Show Less

Economic Growth and Development in Singapore

Past and Future

Gavin Peebles and Peter Wilson

In this book Gavin Peebles and Peter Wilson offer an historical overview of the rapid growth and development of the Singapore economy, detailing the institutions and policies which have made this growth possible. They examine the current state of the economy and its future in terms of prospective growth and structural change.
Buy Book in Print
Show Summary Details
You do not have access to this content

Appendix C: Suggestions for further reading

Past and Future

Gavin Peebles and Peter Wilson


283 Stephen W.K. Chiu, K.C. Ho and Tai-lok Lui (1995), ‘A tale of two cities rekindled: Hong Kong and Singapore’s divergent paths to industrialism’, Journal of Development Studies, 11 (1). Stephen W.K. Chiu, K.C. Ho and Tai-lok Lui (1997), Global-States in the Global Economy: Industrial Restructuring in Hong Kong and Singapore, Boulder Col.: Westview Press. CHAPTER 5 For a review of Singapore’s monetary experience when consistent sets of data were available see Peebles and Wilson (1996). Luckett et al. (1994) is a short textbook treatment of banking, finance and monetary policy in Singapore. Soh (1990) is a short, but interesting general history of money in Singapore and Monetary Authority of Singapore (2000a) presents its own overview of Singapore’s monetary history. Tan (1999) remains the standard overview of financial matters in Singapore. The Annual Report of the Monetary Authority of Singapore is highly recommended as is its much improved ‘Quarterly Bulletin’ from its Economics Department which often carries reports of interesting bits of recent research of theirs. For taxation matters Asher and Tyabji (1996) is comprehensive but a bit dated and Asher (1999) is worthwhile. Lee Hsien Loong’s speeches on reforming the financial system are collected in Lee (2000b). Mukul Asher and Susan Obsborne (eds) (1980), Issues in Public Finance in Singapore, Singapore: Singapore University Press. CHAPTER 6 Huff (1995) looks at the Singapore model of development in the context of one of the most controversial aspects of the so-called ‘Asian Miracle’, namely the balance between planning and markets in the...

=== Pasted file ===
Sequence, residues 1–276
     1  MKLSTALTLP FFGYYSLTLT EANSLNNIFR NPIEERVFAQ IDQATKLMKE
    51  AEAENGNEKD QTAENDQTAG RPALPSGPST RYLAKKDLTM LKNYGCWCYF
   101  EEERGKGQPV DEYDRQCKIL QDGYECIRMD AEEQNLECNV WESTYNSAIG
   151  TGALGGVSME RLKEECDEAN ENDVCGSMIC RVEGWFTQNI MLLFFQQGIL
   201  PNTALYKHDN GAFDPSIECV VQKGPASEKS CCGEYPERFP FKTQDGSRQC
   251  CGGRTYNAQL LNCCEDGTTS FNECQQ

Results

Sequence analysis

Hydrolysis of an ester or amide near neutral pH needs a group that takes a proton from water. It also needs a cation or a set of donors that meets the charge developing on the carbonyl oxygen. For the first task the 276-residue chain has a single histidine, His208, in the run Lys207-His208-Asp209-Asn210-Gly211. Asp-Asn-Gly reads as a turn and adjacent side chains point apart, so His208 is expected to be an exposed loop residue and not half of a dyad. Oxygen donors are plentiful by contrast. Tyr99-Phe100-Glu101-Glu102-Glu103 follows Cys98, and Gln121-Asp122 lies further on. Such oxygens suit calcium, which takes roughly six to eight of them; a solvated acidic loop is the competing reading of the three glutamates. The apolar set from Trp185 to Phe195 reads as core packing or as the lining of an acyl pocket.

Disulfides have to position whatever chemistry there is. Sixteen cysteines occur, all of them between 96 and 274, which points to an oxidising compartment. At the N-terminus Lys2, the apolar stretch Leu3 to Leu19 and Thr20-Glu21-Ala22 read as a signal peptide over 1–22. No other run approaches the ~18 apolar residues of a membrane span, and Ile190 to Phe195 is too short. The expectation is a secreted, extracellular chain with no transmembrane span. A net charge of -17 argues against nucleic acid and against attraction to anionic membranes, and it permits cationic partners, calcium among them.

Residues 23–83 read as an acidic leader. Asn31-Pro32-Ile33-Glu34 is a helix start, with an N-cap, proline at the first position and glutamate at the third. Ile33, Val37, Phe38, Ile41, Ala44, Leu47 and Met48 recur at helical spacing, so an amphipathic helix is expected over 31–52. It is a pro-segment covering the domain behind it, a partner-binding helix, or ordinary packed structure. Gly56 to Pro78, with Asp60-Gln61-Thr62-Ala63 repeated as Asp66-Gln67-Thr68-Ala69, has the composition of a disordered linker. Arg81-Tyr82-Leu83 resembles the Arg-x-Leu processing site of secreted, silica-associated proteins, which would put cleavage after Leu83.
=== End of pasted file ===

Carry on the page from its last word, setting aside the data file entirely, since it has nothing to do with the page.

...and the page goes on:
You are not authenticated to view the full text of this chapter or article.

Elgaronline requires a subscription or purchase to access the full text of books or journals. Please login through your library system or with your personal username and password on the homepage.

Non-subscribers can freely search the site, view abstracts/ extracts and download selected front matter and introductory chapters for personal use.

Your library may not have purchased all subject areas. If you are authenticated and think you should have access to this title, please contact your librarian.

Further information

or login to access all content.